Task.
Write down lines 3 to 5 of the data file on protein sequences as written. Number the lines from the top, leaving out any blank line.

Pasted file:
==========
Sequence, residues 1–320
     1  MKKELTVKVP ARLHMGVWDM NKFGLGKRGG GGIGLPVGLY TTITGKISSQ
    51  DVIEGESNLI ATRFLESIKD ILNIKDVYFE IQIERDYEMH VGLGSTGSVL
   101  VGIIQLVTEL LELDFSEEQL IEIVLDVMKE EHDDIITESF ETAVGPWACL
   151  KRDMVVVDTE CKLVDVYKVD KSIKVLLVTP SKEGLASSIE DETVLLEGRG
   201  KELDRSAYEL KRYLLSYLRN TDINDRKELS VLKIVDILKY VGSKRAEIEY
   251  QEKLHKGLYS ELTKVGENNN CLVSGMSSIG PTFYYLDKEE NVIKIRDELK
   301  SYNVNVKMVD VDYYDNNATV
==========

    51  DVIEGESNLI ATRFLESIKD ILNIKDVYFE IQIERDYEMH VGLGSTGSVL
   101  VGIIQLVTEL LELDFSEEQL IEIVLDVMKE EHDDIITESF ETAVGPWACL
   151  KRDMVVVDTE CKLVDVYKVD KSIKVLLVTP SKEGLASSIE DETVLLEGRG